There is necessarily an implicit sliding scale with regards to the awareness that officers or agents have regarding them spending money that they donated, from which their political contribution tax credit follows. As long as they do not notice, and do not publicly discuss doing that, then it will be deemed legal. However, if they do notice and publicly discuss that, then it will be deemed illegal.

I do not expect that Elections Canada will answer the questions regarding why "Robert" is not a political entity, operating within the political entity of his registered association, or why his awareness and communications regarding his rights and freedoms result in disqualifying his rights and freedoms.

As the Opinion repeated regarding the prohibition in s. 369, the wording references that "all or part of a contribution will be transferred to a person or entity other than a registered party, registered association." The Opinion is based on discounting and disregarding that "Robert" has been registered to become a "political entity." Therefore, no part of the contribution has been transferred to any "entity other than the registered association." But, meanwhile, Elections Canada's Opinion expresses extreme disrespect towards "Robert." He is aware of his rights and freedoms, and acts upon them. That is what disqualifies him from enjoying his rights and freedoms. Yet, at the same time, both Elections Canada and Revenue Canada appear happy to continue to maintain attitudes of deliberate ignorance towards other agents or officers, especially of bigger parties, as long as those agents or officers do not publicly organize to take advantage of their rights and freedoms to claim tax credits through registered political activities.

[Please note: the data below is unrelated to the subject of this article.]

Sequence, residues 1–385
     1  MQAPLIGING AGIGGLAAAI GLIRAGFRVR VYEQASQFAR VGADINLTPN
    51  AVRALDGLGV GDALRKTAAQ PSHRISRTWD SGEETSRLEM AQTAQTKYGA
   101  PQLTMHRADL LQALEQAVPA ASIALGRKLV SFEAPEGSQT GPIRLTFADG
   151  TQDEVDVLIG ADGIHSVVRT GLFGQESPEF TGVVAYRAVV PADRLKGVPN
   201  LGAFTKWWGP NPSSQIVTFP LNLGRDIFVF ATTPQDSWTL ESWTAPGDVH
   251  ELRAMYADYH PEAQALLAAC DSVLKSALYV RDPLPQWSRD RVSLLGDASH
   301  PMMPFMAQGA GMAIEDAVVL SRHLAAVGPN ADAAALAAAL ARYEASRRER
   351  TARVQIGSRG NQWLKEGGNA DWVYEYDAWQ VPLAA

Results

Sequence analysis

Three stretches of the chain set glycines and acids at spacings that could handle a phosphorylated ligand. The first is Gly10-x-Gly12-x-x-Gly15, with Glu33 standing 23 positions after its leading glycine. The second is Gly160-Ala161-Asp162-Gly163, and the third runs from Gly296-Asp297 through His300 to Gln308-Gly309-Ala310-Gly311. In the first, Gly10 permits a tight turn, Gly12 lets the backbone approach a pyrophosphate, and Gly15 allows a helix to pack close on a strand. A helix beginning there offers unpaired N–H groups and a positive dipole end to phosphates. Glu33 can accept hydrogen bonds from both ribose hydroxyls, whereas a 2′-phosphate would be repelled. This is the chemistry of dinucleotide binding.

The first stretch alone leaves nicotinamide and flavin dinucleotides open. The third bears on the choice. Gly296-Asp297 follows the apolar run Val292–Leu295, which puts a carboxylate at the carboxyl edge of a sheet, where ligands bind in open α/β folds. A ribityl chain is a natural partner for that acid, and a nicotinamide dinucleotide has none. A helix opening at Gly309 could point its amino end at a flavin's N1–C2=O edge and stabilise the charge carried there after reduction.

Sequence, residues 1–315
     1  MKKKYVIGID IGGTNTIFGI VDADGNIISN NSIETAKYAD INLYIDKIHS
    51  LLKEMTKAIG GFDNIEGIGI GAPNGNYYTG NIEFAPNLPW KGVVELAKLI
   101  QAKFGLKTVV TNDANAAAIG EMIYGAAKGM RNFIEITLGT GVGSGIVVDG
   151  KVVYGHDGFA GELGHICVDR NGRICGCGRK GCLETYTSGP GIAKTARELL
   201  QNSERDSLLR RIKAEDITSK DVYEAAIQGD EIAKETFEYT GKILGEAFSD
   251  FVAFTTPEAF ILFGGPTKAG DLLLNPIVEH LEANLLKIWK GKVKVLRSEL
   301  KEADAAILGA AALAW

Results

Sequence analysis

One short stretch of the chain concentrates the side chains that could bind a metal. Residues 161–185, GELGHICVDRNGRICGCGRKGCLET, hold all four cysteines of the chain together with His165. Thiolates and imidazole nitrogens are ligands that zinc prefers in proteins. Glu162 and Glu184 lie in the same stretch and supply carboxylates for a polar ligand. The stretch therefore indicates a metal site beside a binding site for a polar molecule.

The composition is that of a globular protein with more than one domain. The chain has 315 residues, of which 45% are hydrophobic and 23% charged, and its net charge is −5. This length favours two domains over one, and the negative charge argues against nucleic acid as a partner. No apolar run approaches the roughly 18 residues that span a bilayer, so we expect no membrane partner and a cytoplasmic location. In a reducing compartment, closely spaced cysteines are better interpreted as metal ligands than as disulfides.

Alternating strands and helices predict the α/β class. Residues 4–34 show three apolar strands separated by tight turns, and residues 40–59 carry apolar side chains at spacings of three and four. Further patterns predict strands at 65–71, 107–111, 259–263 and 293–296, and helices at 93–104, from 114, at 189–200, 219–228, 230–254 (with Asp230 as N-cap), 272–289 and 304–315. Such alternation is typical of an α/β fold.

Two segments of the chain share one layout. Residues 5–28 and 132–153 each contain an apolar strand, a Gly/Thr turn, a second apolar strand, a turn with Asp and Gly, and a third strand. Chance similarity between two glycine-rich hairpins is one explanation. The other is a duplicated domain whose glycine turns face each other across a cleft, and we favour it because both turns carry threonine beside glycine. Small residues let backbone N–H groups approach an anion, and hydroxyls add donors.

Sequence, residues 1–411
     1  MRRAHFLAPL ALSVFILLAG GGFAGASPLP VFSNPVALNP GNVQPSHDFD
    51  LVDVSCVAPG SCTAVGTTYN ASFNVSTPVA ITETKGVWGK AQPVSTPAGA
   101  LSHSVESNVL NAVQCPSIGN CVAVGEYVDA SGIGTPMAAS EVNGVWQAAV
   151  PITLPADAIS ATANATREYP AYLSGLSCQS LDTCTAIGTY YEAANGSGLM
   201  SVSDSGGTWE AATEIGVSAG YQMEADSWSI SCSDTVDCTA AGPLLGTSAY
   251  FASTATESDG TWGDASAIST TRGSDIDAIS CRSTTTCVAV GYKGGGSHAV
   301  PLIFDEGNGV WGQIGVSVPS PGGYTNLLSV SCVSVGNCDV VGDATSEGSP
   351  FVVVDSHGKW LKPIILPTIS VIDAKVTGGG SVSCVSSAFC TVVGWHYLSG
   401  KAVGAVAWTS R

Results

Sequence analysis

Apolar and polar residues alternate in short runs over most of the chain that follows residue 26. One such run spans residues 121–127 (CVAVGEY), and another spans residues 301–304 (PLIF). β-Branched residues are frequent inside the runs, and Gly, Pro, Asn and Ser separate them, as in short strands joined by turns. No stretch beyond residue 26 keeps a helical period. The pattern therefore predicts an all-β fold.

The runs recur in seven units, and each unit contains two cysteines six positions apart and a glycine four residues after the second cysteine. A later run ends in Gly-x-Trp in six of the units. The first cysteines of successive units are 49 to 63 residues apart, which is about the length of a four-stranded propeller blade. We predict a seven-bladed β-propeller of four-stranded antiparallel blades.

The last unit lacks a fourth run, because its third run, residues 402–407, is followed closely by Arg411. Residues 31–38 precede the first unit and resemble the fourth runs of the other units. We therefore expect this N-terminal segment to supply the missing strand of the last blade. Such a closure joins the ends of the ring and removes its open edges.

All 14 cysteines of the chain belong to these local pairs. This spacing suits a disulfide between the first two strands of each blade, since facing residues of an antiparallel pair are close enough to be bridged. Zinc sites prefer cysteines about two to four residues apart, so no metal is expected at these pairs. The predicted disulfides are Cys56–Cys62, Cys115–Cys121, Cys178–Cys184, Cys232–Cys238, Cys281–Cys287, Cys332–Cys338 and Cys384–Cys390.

"Subsection 368(4) is breached when a registered party enters into an agreement to pay for goods or services where a term of that agreement is that a contribution will be made. As a result, the proposed practice will breach this provision if the transactions involve the registered party."

I am not as interested in subsection 368(4) because, if it was possible to publicly promote participation premiums, then I would want to do that through authorizing registered associations rather than through the party as whole. Indeed, I could amend my original question to delete the reference to the party as whole, while only focusing upon the potential for registered associations. Indeed, I resubmit my s. 16 enquiry to only concern associations (simply by deleting the paragraph regarding parties) because those registered associations are what I care most about, because they theoretically have the most potential to democratically distribute power.